The typical union member is often thought to be a worker on a manufacturing line in the Midwest. Manufacturing does have a strong union tradition, but people join unions in many industries and occupations. Union members include dental hygienists in Wisconsin, graduate students in Massachusetts, firefighters in Illinois, television writers and scientists in California, security guards in Washington, D.C., digital journalists in New York, and major league baseball players in Georgia and other states.4

It is also true that, in the past, union workers were predominantly white men. But as of 2016, roughly 10.6 million of the 16.3 million workers covered by a union contract are women and/or people of color.5

  • About two-thirds (65.4 percent) of workers age 18 to 64 and covered by a union contract are women and/or people of color.
    • Almost half (46.3 percent) are women.
    • More than a third (35.8 percent) are black, Hispanic, Asian, or other nonwhite workers.
  • Black workers are the most likely to be represented by unions: 14.5 percent of black workers age 18 to 64 are covered by a collective bargaining agreement, compared with 12.5 percent of white workers and 10.1 percent of Hispanic workers.

Unions represent workers of all levels of education

  • More than half (54.5 percent) of workers age 18 to 64 and covered by a union contract have an associate degree or more education.
  • Two out of five (42.4 percent) have a bachelor’s degree or more education.

Union workers hail from a variety of sectors, but the biggest share work in education or health services

  • Nearly two in five workers (39.8 percent) age 18 to 64 and covered by a union contract work in education or health services.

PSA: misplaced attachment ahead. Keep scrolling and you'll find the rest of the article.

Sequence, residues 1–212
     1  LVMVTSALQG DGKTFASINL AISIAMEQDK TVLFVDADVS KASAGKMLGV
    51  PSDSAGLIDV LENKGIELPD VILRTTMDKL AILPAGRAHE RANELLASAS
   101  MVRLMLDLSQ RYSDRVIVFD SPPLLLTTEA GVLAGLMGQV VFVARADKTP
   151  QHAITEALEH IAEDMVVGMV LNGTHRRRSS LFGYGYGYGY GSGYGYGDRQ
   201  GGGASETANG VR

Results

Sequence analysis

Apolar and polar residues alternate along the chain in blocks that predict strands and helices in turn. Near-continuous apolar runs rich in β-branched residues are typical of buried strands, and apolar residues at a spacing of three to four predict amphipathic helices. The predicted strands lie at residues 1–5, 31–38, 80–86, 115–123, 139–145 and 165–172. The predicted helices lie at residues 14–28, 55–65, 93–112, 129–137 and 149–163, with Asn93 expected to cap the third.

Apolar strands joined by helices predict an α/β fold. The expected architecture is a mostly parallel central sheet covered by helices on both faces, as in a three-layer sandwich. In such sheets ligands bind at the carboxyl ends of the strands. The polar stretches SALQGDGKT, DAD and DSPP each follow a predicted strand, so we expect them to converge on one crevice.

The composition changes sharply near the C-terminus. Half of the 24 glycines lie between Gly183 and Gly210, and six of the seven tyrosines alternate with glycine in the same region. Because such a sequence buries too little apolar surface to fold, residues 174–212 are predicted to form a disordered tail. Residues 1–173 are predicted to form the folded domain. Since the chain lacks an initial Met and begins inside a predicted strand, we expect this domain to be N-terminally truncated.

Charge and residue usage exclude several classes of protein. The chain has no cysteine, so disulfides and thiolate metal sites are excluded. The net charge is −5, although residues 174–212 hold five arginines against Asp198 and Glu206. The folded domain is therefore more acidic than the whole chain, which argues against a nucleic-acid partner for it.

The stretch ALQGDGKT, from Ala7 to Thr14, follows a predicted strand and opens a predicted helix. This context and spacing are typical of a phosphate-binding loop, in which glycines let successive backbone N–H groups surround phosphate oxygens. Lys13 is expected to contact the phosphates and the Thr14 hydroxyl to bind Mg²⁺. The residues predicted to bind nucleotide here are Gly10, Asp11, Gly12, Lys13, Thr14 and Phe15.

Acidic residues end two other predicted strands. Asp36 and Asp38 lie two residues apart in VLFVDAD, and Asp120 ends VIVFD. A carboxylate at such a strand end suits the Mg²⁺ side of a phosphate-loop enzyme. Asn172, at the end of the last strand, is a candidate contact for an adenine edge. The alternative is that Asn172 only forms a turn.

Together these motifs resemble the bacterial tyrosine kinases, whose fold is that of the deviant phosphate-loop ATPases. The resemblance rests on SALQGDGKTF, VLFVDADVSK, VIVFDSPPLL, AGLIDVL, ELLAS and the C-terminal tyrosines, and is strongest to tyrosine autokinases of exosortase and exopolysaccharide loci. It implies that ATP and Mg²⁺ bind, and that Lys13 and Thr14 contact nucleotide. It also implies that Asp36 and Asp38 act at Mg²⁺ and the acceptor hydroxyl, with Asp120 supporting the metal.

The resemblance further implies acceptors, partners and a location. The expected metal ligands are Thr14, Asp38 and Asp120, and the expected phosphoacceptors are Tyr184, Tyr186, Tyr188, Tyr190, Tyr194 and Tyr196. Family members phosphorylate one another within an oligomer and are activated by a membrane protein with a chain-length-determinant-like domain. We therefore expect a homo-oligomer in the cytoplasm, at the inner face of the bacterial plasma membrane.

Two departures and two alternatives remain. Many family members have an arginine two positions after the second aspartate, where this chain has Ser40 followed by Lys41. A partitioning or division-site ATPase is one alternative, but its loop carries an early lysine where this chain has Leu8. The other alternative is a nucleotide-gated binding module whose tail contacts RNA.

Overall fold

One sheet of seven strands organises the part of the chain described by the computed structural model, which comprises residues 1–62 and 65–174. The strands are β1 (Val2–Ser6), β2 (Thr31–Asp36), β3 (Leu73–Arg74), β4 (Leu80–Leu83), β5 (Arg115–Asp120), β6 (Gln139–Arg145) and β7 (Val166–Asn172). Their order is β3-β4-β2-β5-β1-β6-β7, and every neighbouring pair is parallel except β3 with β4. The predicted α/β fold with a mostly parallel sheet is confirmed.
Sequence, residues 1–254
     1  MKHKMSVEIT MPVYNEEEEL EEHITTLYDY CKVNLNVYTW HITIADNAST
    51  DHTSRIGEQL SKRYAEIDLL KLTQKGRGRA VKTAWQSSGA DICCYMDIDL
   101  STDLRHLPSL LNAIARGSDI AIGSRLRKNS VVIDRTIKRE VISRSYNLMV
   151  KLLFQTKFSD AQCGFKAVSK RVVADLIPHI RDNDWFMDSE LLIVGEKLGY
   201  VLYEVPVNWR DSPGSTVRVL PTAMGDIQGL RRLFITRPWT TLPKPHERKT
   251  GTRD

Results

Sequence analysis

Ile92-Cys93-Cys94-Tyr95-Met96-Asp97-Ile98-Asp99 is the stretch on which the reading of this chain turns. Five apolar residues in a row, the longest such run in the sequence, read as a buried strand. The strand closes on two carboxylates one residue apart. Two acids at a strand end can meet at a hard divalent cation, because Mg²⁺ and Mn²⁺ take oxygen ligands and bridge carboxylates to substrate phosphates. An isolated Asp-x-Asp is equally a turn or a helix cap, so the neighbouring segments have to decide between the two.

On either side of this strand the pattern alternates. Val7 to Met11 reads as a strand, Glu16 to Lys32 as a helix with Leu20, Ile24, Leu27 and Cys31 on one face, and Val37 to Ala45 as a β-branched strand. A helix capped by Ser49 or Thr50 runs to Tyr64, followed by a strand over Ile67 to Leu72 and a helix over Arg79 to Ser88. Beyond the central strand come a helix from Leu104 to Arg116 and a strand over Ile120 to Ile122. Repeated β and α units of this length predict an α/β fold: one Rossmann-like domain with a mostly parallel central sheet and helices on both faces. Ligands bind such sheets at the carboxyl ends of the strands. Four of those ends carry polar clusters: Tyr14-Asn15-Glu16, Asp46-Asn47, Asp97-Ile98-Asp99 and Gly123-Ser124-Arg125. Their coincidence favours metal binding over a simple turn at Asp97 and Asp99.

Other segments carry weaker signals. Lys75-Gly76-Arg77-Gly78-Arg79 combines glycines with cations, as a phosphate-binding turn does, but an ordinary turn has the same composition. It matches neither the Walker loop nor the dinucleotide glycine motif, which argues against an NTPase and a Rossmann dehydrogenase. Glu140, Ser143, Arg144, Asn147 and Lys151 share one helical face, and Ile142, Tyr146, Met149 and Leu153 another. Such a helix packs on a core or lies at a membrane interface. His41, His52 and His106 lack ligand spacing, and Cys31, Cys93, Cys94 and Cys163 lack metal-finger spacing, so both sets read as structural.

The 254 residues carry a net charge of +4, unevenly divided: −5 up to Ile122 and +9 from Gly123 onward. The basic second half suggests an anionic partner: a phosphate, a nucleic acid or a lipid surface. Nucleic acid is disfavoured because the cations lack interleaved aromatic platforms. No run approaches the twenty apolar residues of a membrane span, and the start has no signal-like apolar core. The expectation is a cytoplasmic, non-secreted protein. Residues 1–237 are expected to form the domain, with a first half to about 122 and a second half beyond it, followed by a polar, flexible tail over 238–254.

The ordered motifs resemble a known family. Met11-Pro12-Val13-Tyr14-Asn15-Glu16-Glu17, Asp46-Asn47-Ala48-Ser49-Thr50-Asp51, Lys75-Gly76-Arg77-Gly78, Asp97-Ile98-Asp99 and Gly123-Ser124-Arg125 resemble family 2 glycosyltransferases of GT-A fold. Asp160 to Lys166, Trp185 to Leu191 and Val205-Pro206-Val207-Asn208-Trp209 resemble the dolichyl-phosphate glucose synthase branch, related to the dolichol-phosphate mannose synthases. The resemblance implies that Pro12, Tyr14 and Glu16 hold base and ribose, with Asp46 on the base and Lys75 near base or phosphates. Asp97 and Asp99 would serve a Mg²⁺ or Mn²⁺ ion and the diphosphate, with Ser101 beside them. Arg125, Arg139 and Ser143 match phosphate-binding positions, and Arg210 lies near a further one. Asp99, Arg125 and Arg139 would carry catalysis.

• One in seven workers (13.9 percent) covered by a union contract work in public administration.
  • One in eight workers (12.2 percent) covered by a union contract work in transportation and utilities.
  • One in 11 workers (9.1 percent) covered by a union contract work in manufacturing.

Unions are most widespread in public administration and transportation industries

Because industries vary in size, industries with the highest numbers of union workers aren’t always the industries with the highest union coverage rate. The five industries with the highest shares of 18- to 64-year-old workers covered by a union contract (the “union coverage rate”) are:

  • Public administration (33.2 percent)
  • Transportation and utilities (27.3 percent)
  • Education and health services (20.0 percent)
  • Construction (15.7 percent)
  • Information (10.6 percent), which includes publishing, motion pictures, broadcasting, telecommunications, data processing, and other communications services

Unions are thriving in diverse workplaces—including ‘new economy’ workplaces

Working people join unions to have some say over their jobs and their workplaces. Given the self-determination unions afford, it is no surprise that they are thriving in some of the companies, industries, and occupations undergoing the most change.

  • Television writers in Hollywood. Streaming services, cable offerings, and multiple viewing platforms are fueling what is referred to as “the New Golden Age of Television.” In 2016 the six major media companies that dominate film and television (CBS, Comcast, Disney, Fox, Time Warner, and Viacom) reported almost $51 billion in operating profits. Those profits have doubled in the last decade and continue to grow. Much of the industry’s success is attributable to the roughly 13,000 men and women who write television shows and films and who belong to the Writers Guild of America. Despite this contribution to the industry’s record profitability, TV writers’ incomes were in decline. WGA and the Alliance of Motion Picture and Television Producers (which represents the studios, networks, and independent producers) recently agreed on a collective bargaining contract that gave writers increases in compensation and digital residuals and preserved broad health care benefits.6